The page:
Katy Perry Has No Place Marketing Herself To Young Girls
This weekend, I took my four-year-old little girl to see Madagascar 3, much like millions of other parents out there. And as we patiently waited for our movie to start, we got to see previews for other child-centered movies like the new Ice Age addition or Disney Pixar’s upcoming Brave. Oh and there was another notable one smushed in there, Katy Perry‘s new concert experience movie.
As my daughter giggled at the girl with the blue hair who looked and acted like the kids from The Fresh Beat Band, I sat confused why Perry’s movie would be targeted at an obviously younger crowd. I suppose kids are the only ones who would be dumb enough to see a pop star’s concert footage in a movie theater. But really, Perry’s lyrics are in no way appropriate for young kids. Seriously, think back to the catchy song “Last Friday Night.” It rhapsodizes getting black-out drunk, shrugging off arrest warrants and having a menage-a-trois that you can’t remember. Sure it makes for a catchy tune but I’m not sure it’s a subject matter that I want my young child singing about.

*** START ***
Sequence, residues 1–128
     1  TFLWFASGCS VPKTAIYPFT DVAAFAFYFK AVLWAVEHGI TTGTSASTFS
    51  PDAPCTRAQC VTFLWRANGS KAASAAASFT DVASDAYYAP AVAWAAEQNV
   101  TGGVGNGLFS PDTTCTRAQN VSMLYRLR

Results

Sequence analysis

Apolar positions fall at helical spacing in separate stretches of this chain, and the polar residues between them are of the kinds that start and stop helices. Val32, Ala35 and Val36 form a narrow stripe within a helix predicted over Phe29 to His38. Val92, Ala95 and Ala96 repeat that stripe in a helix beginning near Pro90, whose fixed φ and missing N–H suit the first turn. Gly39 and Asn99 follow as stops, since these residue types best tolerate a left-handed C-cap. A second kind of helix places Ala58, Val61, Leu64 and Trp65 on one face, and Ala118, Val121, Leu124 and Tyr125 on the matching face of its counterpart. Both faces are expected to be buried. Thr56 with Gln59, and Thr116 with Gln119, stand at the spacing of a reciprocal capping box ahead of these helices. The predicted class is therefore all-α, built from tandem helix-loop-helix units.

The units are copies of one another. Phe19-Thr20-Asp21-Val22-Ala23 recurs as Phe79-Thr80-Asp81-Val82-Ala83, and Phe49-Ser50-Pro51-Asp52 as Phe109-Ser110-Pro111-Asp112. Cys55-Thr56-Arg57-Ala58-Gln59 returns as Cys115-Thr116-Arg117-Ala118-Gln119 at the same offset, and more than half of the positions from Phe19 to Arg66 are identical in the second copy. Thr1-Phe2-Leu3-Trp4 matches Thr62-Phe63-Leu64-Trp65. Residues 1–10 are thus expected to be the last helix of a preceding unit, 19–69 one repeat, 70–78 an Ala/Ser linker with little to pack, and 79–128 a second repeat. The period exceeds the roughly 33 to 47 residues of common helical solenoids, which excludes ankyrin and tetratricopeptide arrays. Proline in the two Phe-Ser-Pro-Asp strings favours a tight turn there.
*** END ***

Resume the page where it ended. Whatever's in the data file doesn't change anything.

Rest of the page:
I’m not saying that Katy Perry doesn’t have the right to sing about whatever the hell she wants. Of course she does. I don’t think that this random woman needs to be a role model for my daughter. That’s not her job. However, when she starts advertising to young children and her message is anything but kid-friendly, I think that’s a problem parents should talk about.
And if you need a visual to prove that Perry is trying to appeal to a younger demographic, the wonderful ladies of Jezebel caught a disturbing one at last night’s MuchMusic Video Awards in Toronto. Perry hit the red carpet with a group of young girls all dressed up in Perry-look-alike costumes. This, of course, included a young girl with a cupcake bra. As Dodai Stewart brilliantly explains, “It’s not okay. It’s one thing for a grown woman to cover sexualized areas with edible treats, announcing (however playfully) that her body is quite literally for consumption. But to transfer that message onto the body of a child is revolting.”
Katy Perry is not a children’s artist. Teenagers? Fine. Teens are old enough to draw their own conclusions about this type of behavior. They’re old enough to understand sexual innuendo and whether it’s always appropriate it or not. But children? The kind who are still seeing cartoons and believing every word you tell them? Absolutely not. It’s not appropriate. And the fact that Perry is schilling to them just to help out ticket sales for her crappy concert movie is horrible.